Excepter
KA
Fusetron
2003, r: 2004
A-



let’s cut the crap and get down to business. I know, I know. You probably expect a paragraph on quantum physics or perhaps a brief autobiographical sketch on the author of this review. This is a music review, after all. But this review begins with what you’re really looking for: I endorse this album. I think you should buy this album. Go, loyal readership, and purchase KA.

Buy it, and then put it in a special box and do not open until October 31st, 2005, because KA is the Halloween album of 2005. It manages to achieve this feat even though it was first released in 2003, on shiny red vinyl, and then reissued on compact disc late in 2004. The CD reissue also includes the excellent Vacation EP, which only enhances the overall effect of KA, despite the fact that Vacation is a comparatively breezier piece of music. Chances are, however, that most of the people who will ultimately hear KA will hear it in 2005, and so that’s where I choose to locate it.

It should already be apparent that Excepter isn’t your average band. Most bands, after all, don’t start their careers with a choice slab of coloured vinyl, followed by a deceptively sunny EP and a cassette-only live album titled Obedience, the cover of which features a rather eerie sketch of a nude woman showing of her, ahem, “anatomy.” That’s just the packaging. The music is something else altogether, utterly removed from their coy visual gags and manga-derived shock value. Impenetrable, challenging, dark, and thrilling—these are just some of the rock critic clichés I could use to describe the music created by Excepter on KA.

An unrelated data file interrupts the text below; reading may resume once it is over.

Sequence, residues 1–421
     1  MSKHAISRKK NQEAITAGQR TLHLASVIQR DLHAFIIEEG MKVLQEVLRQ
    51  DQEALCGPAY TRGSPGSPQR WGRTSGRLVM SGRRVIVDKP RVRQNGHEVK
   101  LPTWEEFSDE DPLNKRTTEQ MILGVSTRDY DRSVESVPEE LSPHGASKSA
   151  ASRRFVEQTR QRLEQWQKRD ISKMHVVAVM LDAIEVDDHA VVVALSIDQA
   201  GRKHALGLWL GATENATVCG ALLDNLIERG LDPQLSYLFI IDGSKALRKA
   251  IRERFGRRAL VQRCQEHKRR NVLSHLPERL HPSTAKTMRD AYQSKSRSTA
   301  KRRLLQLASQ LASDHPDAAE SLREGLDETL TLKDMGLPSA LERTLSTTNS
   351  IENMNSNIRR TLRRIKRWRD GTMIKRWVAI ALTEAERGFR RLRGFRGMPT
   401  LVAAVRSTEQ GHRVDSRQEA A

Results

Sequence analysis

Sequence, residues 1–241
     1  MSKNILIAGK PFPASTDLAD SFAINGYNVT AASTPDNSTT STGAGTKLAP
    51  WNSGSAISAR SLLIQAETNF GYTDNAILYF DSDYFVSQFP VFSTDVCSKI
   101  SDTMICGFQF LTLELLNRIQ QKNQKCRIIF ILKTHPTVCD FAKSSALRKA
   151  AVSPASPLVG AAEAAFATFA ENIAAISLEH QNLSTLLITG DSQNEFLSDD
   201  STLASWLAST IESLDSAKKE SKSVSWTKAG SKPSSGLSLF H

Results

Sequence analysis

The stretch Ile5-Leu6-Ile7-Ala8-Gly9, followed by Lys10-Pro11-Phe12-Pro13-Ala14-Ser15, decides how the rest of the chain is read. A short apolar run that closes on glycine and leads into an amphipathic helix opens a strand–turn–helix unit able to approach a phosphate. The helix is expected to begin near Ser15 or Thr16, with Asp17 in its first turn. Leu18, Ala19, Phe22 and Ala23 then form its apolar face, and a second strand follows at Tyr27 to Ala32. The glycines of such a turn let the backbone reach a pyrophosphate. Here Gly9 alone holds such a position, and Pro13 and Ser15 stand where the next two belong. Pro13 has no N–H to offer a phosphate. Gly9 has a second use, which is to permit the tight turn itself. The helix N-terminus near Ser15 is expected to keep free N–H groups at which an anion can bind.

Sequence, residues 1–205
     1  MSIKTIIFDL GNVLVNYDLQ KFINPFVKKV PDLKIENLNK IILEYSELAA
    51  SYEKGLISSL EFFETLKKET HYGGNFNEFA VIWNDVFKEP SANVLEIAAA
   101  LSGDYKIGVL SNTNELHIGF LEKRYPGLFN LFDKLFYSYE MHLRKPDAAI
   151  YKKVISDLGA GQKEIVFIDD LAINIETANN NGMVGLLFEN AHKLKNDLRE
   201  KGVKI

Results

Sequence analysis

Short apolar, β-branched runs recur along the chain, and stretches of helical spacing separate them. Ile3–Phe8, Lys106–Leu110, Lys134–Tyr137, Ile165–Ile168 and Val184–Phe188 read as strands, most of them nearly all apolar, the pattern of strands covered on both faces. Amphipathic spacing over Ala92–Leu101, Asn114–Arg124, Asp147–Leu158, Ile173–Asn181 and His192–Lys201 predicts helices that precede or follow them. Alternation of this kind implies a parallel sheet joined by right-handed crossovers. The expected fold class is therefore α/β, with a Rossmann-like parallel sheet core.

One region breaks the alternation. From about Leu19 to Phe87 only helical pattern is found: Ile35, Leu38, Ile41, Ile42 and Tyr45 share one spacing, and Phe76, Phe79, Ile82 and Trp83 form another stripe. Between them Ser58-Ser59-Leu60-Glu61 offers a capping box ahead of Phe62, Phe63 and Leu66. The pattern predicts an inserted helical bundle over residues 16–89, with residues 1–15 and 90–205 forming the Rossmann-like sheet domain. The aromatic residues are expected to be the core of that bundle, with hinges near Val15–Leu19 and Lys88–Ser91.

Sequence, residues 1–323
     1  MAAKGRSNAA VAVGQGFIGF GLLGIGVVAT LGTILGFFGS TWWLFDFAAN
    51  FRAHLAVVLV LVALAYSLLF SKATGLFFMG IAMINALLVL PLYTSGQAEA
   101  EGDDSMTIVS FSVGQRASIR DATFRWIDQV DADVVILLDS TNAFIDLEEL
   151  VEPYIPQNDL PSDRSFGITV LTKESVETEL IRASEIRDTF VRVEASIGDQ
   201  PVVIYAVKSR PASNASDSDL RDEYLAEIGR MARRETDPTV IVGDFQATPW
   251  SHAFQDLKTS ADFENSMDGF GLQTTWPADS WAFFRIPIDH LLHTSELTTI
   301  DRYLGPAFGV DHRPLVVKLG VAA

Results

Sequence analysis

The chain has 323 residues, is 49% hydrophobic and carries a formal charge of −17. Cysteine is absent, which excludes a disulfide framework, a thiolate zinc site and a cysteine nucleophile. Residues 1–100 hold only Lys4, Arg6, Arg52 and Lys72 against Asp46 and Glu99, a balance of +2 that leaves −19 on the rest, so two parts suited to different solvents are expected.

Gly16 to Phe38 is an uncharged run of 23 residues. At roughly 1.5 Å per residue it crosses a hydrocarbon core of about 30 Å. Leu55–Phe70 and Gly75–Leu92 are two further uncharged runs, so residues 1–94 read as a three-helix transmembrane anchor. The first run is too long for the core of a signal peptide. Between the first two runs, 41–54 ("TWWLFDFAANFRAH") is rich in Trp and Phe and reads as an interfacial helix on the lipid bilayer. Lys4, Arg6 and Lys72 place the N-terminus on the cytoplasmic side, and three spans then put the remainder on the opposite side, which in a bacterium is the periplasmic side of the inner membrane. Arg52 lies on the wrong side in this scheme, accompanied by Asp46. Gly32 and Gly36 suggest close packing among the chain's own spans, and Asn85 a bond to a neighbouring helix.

Excepter is a band with five members, who play a range of instruments that are primarily, but not exclusively, electronic. Throughout KA individual sounds, ranging from human voices to muffled explosions and stock drumbeats, can be heard in the din. “Din” being perhaps the operative word for the Excepter sound. On first listen, KA can seem dense, foggy, and crowded with too much noise. Although Excepter are a “noise” band, they aren’t Merzbow—they draw on such a wide range of sources that individual elements of some songs could easily find a home on rap, house, or rock tracks. It is this plurality of noises that makes KA so unique and powerful. Just as Excepter draw on a diverse palette, they offer up a diverse listen as well. Many noise bands get criticized for being monotonous, for just doing the same trick over and over. That can’t be said of Excepter and KA, an album that covers a range both sonic and emotional.

Despite this range, however, the dominant vibe of KA remains ominous, brooding, and dark. From the disembodied chorus that opens “Shattered Skull” to the muffled, tortured moaning that closes out the album on “The Fire and the Wood,” Excepter paint a pretty nightmarish picture. The fun part, then, is to sit there, take it, and see just how many moments of surprising beauty you can find. Happy Halloween.



Reviewed by: Ryan Hardy
Reviewed on: 2005-01-14
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